XMM Newton, also referred to as the High Throughput X-ray Spectroscopy Mission or the X-ray Multi-Mirror Mission, is an X-ray Observatory launched on December 10, 1999 from the Guiana Space Centre in French Guiana, France on an Ariane 5 rocket. The mission is operated by the European Space Agency. Named after Sir Isaac Newton, XMM Newton’s mission involves the detection and investigation of x ray sources emerging from interstellar space, performing imaging of objects in X-ray, visibile and ultra violet wavelengths. The spacecraft comes equipped with three high throughput X-ray telescopes along with an optical monitor, the first of its kind on an X-ray observatory.  These tools allow XMM- Newton an unprecedented view capable of conducting highly sensitive observations of distant objects. Only Space telescopes have the ability to detect x-ray sources, as the Earth’s atmosphere effectively absorbs them.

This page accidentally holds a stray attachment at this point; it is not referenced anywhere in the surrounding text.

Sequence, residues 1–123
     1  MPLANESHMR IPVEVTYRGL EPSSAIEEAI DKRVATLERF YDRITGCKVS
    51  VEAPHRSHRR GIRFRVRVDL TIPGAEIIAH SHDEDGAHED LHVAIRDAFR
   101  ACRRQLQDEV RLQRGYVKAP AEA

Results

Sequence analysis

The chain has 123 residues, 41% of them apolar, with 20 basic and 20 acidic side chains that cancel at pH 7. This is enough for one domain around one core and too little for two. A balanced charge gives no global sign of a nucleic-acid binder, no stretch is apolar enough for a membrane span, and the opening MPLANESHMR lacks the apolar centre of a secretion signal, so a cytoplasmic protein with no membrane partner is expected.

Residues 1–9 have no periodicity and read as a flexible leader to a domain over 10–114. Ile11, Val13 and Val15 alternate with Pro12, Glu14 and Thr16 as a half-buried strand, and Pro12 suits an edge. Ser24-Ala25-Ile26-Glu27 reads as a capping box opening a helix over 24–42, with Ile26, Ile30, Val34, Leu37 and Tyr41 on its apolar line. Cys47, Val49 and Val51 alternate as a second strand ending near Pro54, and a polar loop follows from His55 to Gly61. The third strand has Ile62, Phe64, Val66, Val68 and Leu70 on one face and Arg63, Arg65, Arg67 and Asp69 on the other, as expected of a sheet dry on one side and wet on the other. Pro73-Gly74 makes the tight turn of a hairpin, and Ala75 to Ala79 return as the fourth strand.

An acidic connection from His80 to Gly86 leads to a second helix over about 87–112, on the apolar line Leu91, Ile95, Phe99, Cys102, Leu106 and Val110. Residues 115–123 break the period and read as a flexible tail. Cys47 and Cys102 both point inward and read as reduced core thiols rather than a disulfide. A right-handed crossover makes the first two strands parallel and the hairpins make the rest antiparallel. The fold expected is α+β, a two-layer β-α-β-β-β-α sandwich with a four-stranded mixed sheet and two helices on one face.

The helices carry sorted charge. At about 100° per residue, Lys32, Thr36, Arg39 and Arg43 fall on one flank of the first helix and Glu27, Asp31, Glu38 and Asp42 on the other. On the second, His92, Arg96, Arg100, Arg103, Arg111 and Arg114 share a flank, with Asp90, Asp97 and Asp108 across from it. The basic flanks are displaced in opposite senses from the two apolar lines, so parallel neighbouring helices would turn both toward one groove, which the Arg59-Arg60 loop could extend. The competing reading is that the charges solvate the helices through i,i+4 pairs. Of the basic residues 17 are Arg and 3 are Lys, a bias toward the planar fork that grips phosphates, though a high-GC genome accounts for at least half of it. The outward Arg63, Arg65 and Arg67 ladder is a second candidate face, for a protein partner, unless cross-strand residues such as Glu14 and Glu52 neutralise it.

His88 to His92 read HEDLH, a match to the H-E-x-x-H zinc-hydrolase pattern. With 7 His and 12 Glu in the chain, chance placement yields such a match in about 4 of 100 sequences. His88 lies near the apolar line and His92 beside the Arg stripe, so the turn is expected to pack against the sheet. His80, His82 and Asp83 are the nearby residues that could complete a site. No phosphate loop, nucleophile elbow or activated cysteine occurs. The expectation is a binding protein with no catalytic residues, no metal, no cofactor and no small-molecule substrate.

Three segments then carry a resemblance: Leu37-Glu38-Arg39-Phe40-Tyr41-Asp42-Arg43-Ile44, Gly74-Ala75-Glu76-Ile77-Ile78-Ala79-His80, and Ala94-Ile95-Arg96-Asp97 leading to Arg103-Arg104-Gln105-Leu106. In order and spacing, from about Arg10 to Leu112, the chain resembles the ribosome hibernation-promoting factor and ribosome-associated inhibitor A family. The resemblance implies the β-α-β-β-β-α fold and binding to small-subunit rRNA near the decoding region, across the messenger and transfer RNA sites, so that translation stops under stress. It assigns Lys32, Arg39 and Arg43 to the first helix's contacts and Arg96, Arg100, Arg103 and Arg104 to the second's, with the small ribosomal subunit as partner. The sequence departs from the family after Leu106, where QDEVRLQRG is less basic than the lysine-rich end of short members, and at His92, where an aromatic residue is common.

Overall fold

XMM Newton’s findings aid researchers in unraveling some of the greatest mysteries in the cosmos, particularly the enigmatic behavior of black holes and the very origins of the universe. To date, researchers have published approximately 5,600 papers documenting XMM-Newton and its scientific finding.

XMM Newton, also referred to as the High Throughput X-ray Spectroscopy Mission or the X-ray 

Credit: ESA/XMM-Newton

Abell 30, “Born Again” Planetary Nebula.

 Credit: ESA/XMM-Newton and NSF/NOAO/KPNO